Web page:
Dynamite has another idea in mind.
Over the top destruction of the Man's army pretty much describes the plot of the comic book, and if that's a problem, maybe you should be reading My Little Pony. Still, Ash and Wimberly flavor this particular conflagration with the atmosphere of Black Dynamite. For example, Ash observes that Dynamite though being articulate as well as deadly sometimes searches his extensive vocabulary and comes up short.
For this reason, the book is laugh out loud funny and not just a visual treat.
Batwing is also one long fight scene pitting our young Luke Fox against his former friend, now a steroid enhanced warlord of the city below Gotham.
It's well-illustrated and visceral, but for some reason, I just couldn't sink my teeth in it. I keep thinking that this story would have worked better as Batman Beyond in space. It's just getting increasingly difficult to accept this melting pot society living under Batman's city.
The reminder that these lunatics turned Batwing's sister into a vegetable is just kind of mean and serves to identify Batman's lack of knowledge and interest in tracking down the perpetrators. Palmiotti and Gray may have Batman show up in a future issue with a means to reverse the damage to Tam's brain and/or acknowledge that he had an eye on the Underground all along, but I doubt that the usually adept writers will make me eat my words.
The last issue of Moon Knight spotlit Declan Shalvey's evocative artwork, but there was nary a word to the panels. That made it impossible to review. Writer Warren Ellis this issue gives me a little more to work with.
As introduced in the premiere, Marc Spector sometimes patrols New York in a white limo under the guise of a pulpish detective named Mr. Knight. He seems pretty formidable in the role, but this night he meets something he cannot stop.
The ghostly terrors require Moon Knight to don the garb of yet another incarnation of Khonshu, of whom Spector is an avatar.
Bring ItMinimalist heroics as Ellis is just warming up by introducing the many faces of Moon Knight and the eerie artwork of Declan Shalvey and Jordie Bellaire make Moon Knight well worth your time and coin.
Loki hosts Verity Willis, the woman who can see through any lie, but he's secretly on another mission for the All-Mother: Gaia, Freya and Idunn. Two actual Norse goddesses and one Greek stand-in. The All-Mother is bent on retrieving any wayward Asgardians. Such defines the first Asgardian hero Sigurd, who prefers to stay on Midgard, since the Valkyries are out to feed his nether regions to the vultures.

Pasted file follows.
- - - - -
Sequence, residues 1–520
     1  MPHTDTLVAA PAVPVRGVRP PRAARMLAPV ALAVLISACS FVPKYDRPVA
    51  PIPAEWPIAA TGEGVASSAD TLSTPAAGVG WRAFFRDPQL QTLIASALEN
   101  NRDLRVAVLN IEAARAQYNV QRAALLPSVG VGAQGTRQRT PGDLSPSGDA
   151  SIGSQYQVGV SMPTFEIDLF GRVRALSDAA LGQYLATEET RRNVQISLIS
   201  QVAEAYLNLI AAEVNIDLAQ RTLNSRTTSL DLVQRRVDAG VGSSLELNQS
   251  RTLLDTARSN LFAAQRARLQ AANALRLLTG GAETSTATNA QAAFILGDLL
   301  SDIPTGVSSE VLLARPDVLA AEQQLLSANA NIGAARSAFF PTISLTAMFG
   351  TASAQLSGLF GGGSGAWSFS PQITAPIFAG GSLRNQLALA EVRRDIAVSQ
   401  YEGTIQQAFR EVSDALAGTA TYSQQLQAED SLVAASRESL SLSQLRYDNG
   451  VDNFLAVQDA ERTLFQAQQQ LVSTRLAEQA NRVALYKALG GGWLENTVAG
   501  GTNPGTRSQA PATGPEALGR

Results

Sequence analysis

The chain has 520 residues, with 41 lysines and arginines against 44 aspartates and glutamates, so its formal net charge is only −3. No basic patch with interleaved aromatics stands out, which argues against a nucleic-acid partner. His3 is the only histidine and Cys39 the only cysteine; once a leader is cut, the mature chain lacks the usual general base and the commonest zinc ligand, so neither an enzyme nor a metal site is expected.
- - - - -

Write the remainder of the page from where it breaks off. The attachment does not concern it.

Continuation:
If the issue sounds less Loki-based and more Sigurd happy, you couldn't be more wrong. It turns out the third issue which I didn't review because, man, it was strange, explained how Loki in fact suckered Sigurd this issue. By no means do you need previous knowledge about the flashback, but it gels together nicely. Still weird though involving Giant Otters and shape shifters with chicanery and curses, but it reinforces the trickery Loki employs currently.
The whole story is a complete sham perpetuated by Loki to get Sigurd to willingly leave Midgard and return to Asgard. Along the way, writer Al Ewing and artist Lee Garbett entertain with sublime humor including that from a massive secret guest star that blows the lid off the whole who is Loki question. In addition to these gems, Ewing reveals that Loki has been orchestrating a secret agenda.
Not to be missed, and don't skip over the summary page at the beginning. It's a riot.
She-Hulk reminds me of the Late, Late Show with Craig Ferguson. That's because it's unlike any other comic book on the racks. Last issue, She-Hulk obtained asylum for Kristoff von Doom. Unfortunately, the good doctor showed up to retrieve his wayward heir. Now, She-Hulk is torn. Should she forget about this slight, or go after the client? She-Hulk seeks the advice of Daredevil.